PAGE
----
Opisthobranchs are simultaneous hermaphrodites, meaning that they are both male and female at the same time, so mating is usually reciprocal, and both individuals exchange genetic material and lay eggs.
Polycera quadrilineata (Atlantic) in copula
As a living strategy, hermaphroditism has the advantage that any mature individual of a species is a potential partner of any other individual of the same species, something that increases the chances of fertilization, as each individual may (and does) lay eggs. Self-fertilization is possible in many species, but unusual because of the impoverishment of the genetic material involved.
The reproductive organs are located at the right side of the body so coupled individuals must face opposite directions with their right sides together.
Opisthobranchs usually lay their eggs on the animal they prey on, or over any prominent object nearby. As divers know, often happens that the only indicator that opisthobranchs are present in a given place is the presence of their eggmasses, so only after a thorough search in the surroundings the adult animals are found. The size, shape and color of the opisthobranchs’ spawn has a great variation from one species to another, so, it is an aid in the identification and classification of species.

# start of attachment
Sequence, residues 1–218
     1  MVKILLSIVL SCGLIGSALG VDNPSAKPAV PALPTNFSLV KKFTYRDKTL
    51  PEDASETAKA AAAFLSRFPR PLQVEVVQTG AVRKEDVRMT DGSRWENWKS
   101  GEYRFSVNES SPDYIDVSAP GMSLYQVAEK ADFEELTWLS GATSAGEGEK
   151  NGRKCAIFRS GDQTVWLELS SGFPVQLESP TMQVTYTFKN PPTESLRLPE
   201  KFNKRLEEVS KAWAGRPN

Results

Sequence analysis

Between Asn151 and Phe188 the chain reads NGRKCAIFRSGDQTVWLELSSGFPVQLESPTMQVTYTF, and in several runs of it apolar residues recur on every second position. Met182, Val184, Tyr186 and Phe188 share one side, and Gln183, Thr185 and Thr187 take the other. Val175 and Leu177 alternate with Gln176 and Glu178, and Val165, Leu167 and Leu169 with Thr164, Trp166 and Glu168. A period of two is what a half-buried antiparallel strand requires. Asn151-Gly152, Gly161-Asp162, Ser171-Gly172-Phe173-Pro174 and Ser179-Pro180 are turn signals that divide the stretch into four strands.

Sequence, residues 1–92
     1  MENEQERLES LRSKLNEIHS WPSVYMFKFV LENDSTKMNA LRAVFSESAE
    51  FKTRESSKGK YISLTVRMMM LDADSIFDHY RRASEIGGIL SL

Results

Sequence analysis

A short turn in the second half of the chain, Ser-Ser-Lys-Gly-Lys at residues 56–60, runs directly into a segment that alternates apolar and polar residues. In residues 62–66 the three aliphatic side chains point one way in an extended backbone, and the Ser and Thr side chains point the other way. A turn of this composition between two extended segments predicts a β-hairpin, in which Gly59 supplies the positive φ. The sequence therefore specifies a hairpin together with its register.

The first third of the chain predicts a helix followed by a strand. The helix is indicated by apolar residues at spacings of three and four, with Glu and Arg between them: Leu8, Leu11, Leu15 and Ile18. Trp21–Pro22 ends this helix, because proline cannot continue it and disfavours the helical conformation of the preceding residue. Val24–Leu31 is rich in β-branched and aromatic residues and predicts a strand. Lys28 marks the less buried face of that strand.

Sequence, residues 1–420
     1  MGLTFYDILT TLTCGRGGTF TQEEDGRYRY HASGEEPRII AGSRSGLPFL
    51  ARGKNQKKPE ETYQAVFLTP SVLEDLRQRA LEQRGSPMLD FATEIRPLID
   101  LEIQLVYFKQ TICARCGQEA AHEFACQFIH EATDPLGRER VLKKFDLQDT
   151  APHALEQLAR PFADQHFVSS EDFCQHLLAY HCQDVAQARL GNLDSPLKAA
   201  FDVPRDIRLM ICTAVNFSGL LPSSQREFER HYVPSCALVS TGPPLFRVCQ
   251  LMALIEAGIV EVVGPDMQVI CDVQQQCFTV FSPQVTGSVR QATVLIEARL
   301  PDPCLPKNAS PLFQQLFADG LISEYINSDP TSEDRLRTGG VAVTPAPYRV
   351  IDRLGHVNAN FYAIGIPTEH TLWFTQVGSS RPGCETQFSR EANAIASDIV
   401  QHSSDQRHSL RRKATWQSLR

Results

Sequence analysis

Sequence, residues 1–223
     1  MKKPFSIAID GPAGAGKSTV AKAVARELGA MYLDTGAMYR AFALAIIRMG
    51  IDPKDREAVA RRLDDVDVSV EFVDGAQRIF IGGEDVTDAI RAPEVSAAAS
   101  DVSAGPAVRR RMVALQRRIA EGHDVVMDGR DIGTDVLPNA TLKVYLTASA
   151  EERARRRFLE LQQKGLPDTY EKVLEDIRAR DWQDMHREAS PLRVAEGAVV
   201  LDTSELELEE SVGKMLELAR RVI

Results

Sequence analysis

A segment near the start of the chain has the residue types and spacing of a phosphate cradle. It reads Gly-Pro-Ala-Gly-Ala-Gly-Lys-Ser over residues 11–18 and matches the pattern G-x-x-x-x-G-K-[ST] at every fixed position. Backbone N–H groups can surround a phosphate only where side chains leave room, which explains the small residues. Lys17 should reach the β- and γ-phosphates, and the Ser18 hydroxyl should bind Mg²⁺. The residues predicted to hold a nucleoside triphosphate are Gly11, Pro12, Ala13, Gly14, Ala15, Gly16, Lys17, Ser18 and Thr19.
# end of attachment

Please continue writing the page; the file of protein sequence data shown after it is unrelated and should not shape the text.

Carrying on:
Doris verrucosa with spawn
Opisthobranchs development is often incomplete; there is a larval stage called “veliger”. The “veliger” hatches and becomes part of the plankton. Often the larvae will settle and transform into their adult form ONLY in the presence of the species they prey on. In some species the development is completed within the egg, so the “veliger” is never released. This is known as direct development and, as a result, minute individuals, identical to the adults, emerge from every egg.
In species with planktonic dispersion eggs are small and take a short time to hatch. However, in species with direct development, egg size tends to be large, as it is essential that the egg contains enough food to feed the embryo through the juvenile stage.
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